If you have ever wondered what the antifreeze for your four-wheeler does, it's more than just keeping things cool. The chemical breakdown of this sticky substance actually helps keep some internal components clean and lubricated.

Check your engine's coolant levels often. If you notice levels are low you should add coolant to the overflow bottle. A dry overflow reservoir is a sign of leakage somewhere in your coolant system. To prevent possible damage, we recommend checking the radiator itself to see your coolant levels. You can also check the radiator cap for possible issues with its seal. This isn't necessary as often. It's important to note, to only check the radiator cap when the engine is cool. So make sure you wait ample time after riding to check. Polaris recommends you change your engine's coolant once every 60 months.

Preventative Maintenance Tips for Your Polaris ATV, SxS/UTV

Along with required maintenance to keep your engine running smooth, there are precautions and preventative measures you can take to prolong the life of your Polaris ORV.

Covering your ATV or SxS/UTV When Not in Use

You aren't alone, most Polaris owners only use their vehicle periodically. Like we mentioned, your vehicle's engine oil is designed for this, but the rest of your vehicle is still susceptible to premature aging due to long periods of sitting. When a vehicle sits for long periods, inside a garage or outside in the elements, it will start to accrue lots of dust and debris. You can decrease the damage dramatically by covering your Polaris ATV or SxS/UTV when not using it.

Of course, if your vehicle is stored outdoors it is even more important to make sure you are covering it when not in use. Not only will dust and debris accrue, but UV rays from the sun will start damaging the exterior of your vehicle.

Thoroughly Clean Your ORV Regularly

Although having a dirty ATV or UTV seems to be a right of passage. It's important to give your vehicle a deep clean at least a couple of times a year.

A thorough clean is important because dirt and mud tend to collect on the metal parts of a vehicle. This causes them to hold moisture against each other which in turn leads to rusting or corrosion.

ATVs and SxS/UTVs are known for dirt build-up on their suspension components. This of course can cause premature wear and tear. The drivetrain of these vehicles is also vulnerable to mud and debris build-up. This in turn can stress your vehicle's gears and bearings causing damage that is ultimately preventable from a few thorough cleanings a year.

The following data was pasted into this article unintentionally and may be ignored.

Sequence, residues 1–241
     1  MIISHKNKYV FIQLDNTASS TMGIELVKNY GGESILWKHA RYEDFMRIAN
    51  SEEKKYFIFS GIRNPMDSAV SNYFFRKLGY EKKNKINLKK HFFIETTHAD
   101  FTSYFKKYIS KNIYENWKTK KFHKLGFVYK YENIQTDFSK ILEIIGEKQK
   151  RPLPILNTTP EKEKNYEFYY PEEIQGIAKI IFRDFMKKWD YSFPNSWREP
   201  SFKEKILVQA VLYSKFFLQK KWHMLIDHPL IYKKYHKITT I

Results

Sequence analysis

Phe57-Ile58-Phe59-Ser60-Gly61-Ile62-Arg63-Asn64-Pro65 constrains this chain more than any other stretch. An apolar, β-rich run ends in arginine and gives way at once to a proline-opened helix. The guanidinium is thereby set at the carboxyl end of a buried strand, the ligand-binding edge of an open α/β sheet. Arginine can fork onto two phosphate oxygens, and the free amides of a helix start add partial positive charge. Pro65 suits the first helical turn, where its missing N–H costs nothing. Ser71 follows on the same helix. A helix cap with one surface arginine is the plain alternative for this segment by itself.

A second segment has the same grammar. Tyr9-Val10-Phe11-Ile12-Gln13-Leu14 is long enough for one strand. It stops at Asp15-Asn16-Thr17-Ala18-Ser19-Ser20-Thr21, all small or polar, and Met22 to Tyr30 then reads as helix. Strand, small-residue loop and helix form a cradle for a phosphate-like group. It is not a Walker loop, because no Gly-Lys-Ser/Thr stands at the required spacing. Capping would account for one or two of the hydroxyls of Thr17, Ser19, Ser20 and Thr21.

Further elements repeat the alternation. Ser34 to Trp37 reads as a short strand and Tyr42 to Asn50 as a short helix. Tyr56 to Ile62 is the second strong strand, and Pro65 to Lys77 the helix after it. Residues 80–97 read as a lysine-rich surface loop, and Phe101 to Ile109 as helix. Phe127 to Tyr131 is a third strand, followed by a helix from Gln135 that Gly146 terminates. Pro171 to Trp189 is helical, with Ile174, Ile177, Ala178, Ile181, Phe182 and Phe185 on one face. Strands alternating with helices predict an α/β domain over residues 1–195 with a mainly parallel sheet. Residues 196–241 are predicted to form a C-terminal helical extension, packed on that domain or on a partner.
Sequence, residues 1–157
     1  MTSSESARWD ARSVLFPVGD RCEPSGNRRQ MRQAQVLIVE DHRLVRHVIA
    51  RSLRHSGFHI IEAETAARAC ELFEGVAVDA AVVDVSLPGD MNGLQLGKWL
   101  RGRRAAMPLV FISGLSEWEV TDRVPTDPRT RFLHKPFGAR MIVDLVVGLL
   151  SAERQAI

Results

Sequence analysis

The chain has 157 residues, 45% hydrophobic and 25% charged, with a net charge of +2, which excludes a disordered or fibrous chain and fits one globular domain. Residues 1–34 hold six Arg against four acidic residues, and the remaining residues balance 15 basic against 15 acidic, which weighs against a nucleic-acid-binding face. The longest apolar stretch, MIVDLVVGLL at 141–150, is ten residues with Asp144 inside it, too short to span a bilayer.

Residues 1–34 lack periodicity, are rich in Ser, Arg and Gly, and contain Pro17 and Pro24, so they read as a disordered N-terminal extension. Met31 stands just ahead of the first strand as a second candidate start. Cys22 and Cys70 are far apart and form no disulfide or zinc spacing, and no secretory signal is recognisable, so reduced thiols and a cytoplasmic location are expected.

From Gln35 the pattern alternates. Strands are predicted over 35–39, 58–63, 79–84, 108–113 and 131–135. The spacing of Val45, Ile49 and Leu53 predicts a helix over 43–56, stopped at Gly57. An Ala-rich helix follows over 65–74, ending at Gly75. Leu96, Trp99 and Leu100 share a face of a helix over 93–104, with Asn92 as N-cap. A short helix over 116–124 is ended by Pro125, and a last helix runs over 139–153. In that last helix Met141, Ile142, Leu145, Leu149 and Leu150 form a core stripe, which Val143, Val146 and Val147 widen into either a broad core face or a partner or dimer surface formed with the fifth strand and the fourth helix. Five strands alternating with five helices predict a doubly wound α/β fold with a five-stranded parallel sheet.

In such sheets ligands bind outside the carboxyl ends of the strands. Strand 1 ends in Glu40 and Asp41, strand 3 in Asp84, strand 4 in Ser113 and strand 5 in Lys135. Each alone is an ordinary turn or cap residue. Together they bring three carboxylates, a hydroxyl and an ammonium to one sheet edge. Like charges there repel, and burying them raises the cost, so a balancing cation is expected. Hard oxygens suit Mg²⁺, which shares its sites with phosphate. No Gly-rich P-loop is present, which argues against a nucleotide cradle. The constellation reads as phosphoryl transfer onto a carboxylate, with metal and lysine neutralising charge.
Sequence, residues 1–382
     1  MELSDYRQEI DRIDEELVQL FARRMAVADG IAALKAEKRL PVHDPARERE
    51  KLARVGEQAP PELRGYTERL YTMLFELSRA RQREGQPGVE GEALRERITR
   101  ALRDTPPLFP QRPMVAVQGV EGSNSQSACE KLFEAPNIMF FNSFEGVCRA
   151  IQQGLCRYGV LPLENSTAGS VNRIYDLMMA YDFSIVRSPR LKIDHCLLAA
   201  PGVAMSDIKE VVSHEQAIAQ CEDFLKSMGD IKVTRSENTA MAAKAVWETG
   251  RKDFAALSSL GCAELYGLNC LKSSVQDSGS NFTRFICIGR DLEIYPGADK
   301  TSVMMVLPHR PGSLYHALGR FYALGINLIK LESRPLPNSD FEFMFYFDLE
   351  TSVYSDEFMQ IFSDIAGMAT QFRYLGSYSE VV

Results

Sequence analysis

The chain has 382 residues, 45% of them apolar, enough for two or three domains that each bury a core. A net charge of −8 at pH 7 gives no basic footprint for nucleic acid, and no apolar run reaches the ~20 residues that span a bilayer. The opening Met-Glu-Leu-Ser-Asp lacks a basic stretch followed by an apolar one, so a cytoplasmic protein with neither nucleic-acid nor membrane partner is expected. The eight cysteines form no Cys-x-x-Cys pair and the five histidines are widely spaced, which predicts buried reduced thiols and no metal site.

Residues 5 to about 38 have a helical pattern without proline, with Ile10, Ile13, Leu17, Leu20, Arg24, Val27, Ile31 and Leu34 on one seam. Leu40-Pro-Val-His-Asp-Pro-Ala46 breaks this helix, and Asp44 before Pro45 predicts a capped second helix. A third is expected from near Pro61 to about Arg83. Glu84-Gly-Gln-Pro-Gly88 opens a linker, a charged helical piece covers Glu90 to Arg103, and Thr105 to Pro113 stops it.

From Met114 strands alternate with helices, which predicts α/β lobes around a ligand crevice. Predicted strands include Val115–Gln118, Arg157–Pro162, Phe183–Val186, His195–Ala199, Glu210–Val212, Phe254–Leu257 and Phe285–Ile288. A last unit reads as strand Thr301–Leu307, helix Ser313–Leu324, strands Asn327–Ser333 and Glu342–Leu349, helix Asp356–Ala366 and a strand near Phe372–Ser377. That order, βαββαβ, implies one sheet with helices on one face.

Check Your Vehicle's Battery

Just like a car, ATV and UTVs batteries degrade over time. The good news is they are easy to get to and to keep an eye on.

When checking your battery, check for:

  • Corrosion on your battery's terminals.
  • Cracks in your battery's casing.

There are a lot of things that can cause battery damage. But a few preventable causes is overcharging and allowing your battery to sit too long without use. It's good to run your vehicle every so often to prevent damage to your battery.

Check and Tighten your Vehicles Bolts

ATVs and SxS/UTVs go through a lot of stress while they are in use. So bolts and screws are more susceptible to movements. This isn't a big deal if you remember to check them periodically. It's good to go around and tighten your vehicle's bolts between uses, especially after any heavy uses.

Conclusion

ATVs and SxS/UTVs are incredibly useful and fun vehicles, but like any machine, they require regular maintenance as well as precautions taken to keep them running smoothly for years. Just like changing your vehicle's oil is important, cleaning and checking your battery is equally as important to keep your vehicle in top shape.

Following your vehicle's manual is always a great way to make sure you are giving your vehicle the maintenance it needs. Along with keeping up with the manual's recommendations, you should always give your vehicle a thorough clean and check before any big trips. Especially if you are going somewhere alone, or going hunting somewhere far from civilization. It's always best to know your vehicle is ready for whatever you might throw at it.

June 10, 2022